- Ham Roast
- Maple Syrup - Pint
- Stone-Ground Express Mustard
If you plan to grace your family table this Easter Sunday with a traditional ham dinner make sure you know what is in your ham. Most of the ham roasts you will find at the grocery store or even the specialty ham shops contain preservatives such as sodium nitrite.
Sodium nitrite is a preservative used in many smoked or cured meats such as, bacon, sausage, deli meats, and ham. The American Medical Association says that sodium nitrites can lead to gastrointestinal and brain cancer, and can increase the risk of childhood Type 1 Diabetes. Consumption of sodium nitrites can also lead to irritation to the digestive system which can cause abdominal pain. That doesn’t sound very good to me!
So, if you want to skip all the unnatural preservatives and negative health effects, buy a natural, nitrite free, pasture raised ham from your local farmer!
A natural ham will cook a little differently than a conventional ham but if cooked right the end result will be a delicious and far superior to a conventional ham. Here is a recipe to help you get the most out of your natural, pasture raised ham.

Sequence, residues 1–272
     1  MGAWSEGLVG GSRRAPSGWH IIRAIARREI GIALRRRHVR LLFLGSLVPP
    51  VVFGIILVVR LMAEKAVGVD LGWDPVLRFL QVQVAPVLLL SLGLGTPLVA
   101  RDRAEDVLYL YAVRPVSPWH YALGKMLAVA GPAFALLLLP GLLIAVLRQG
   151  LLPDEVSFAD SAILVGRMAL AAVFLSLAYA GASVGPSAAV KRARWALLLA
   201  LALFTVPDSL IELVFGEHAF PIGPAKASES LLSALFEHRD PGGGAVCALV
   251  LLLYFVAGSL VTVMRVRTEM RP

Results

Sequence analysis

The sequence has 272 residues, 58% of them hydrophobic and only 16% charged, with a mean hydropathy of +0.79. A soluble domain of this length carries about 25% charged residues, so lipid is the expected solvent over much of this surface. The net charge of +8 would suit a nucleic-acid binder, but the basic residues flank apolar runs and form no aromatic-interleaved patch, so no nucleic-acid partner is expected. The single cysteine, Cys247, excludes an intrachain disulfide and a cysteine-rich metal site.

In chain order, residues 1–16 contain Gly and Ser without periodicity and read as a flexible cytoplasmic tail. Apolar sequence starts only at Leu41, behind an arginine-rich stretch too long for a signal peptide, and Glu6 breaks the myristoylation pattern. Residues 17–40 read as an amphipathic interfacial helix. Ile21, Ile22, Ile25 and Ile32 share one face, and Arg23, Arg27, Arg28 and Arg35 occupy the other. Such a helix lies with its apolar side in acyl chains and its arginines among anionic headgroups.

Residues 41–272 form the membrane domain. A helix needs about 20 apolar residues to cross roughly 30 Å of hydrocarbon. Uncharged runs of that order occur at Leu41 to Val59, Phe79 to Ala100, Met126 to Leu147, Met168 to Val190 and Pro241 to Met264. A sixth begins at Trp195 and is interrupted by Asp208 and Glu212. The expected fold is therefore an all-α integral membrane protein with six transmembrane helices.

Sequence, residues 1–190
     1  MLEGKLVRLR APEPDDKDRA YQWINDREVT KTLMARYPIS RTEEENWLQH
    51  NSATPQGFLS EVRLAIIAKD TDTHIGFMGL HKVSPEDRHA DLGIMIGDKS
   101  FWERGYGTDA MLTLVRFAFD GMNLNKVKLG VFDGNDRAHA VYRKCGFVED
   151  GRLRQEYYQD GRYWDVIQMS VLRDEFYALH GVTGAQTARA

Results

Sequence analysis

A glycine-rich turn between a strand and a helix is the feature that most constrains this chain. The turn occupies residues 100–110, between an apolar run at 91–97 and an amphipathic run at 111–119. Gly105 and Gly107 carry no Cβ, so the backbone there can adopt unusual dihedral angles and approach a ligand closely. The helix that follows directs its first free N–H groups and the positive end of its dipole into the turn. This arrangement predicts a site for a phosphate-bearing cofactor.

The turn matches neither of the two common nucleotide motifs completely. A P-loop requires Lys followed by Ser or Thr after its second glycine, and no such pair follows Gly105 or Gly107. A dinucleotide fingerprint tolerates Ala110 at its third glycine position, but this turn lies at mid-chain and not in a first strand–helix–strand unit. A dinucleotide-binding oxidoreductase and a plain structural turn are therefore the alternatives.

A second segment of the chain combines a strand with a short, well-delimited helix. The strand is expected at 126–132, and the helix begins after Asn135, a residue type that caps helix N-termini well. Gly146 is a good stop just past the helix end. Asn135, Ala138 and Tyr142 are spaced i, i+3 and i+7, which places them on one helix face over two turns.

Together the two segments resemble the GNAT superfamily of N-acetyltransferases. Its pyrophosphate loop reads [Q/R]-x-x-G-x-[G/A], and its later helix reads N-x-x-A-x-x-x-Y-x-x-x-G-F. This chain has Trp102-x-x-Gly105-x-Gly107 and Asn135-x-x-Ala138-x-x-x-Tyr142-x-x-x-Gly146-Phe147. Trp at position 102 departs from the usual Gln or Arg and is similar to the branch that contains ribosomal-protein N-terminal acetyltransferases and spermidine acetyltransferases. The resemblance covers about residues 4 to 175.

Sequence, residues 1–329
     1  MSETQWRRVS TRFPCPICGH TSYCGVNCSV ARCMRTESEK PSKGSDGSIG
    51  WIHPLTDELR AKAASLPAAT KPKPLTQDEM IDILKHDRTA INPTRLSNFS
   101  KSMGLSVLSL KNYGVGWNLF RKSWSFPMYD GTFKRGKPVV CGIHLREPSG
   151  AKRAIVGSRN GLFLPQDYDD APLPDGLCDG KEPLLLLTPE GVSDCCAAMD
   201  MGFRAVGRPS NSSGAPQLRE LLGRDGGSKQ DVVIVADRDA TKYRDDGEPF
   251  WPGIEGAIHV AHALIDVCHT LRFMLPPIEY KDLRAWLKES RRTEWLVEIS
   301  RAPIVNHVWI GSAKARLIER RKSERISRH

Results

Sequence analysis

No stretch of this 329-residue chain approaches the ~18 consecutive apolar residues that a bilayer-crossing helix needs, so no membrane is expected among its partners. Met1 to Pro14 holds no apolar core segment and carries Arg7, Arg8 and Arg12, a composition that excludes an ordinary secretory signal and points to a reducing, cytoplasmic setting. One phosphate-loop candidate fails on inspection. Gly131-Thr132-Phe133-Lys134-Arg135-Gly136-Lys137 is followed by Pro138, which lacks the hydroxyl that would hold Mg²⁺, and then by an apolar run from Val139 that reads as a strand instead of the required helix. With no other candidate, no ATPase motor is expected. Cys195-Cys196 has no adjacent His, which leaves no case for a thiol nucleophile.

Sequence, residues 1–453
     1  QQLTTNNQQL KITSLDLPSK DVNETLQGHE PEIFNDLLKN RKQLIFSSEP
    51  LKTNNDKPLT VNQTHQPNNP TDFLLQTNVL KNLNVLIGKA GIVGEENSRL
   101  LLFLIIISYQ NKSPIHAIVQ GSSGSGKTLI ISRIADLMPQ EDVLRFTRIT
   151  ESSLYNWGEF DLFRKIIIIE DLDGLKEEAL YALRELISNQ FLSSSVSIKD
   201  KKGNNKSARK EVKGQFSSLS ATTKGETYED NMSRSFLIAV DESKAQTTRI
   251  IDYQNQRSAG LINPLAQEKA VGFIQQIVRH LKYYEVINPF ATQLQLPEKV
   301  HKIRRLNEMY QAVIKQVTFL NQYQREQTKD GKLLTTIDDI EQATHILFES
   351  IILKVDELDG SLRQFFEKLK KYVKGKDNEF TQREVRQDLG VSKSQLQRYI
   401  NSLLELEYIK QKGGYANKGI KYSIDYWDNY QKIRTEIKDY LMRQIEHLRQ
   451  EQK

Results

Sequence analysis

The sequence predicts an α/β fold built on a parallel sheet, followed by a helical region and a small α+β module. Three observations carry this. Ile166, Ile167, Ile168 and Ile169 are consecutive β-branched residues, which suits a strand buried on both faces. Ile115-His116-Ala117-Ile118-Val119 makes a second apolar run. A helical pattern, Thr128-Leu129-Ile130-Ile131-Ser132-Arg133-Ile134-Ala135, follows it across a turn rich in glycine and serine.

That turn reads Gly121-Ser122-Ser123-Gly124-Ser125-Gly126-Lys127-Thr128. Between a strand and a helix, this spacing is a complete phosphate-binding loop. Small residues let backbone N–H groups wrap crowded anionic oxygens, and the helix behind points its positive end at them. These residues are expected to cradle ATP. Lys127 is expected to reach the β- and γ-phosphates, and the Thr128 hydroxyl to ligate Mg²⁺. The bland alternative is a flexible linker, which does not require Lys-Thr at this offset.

Maple Glazed Ham Recipe
1 pasture raised smoked ham roast (3-4 pounds)
3/4 C. real maple syrup
2 TBS. stone ground mustard
2 tsp. ground cloves
1 tsp ground cinnamon
Trim excess fat from the outside of the ham. Place ham in a roasting pan.
In small bowl, stir together the maple syrup, mustard, cloves and cinnamon to make the glaze.
Coat ham with enough glaze to cover. Leave some glaze for later. Tent ham with aluminum foil.
Bake at 325 degrees for about 30-35 minutes per pound. Baste about every 20 minutes with pan juices. The last 20 minutes of cooking time, remove foil and cover with the rest of the glaze.
The internal temperature of the finished ham should be 160 degrees. Remove ham from oven when the temperature reaches 150 degrees, cover with foil and let rest for 20 minutes. The internal temperature will rise about 10 degrees after the ham is out of the oven.
The key to cooking a natural pasture raised ham is to cook it low and slow. Don’t try to rush this ham or the meat will be tough. Low temperature for a longer amount of time will result in a moist, tender and delicious ham.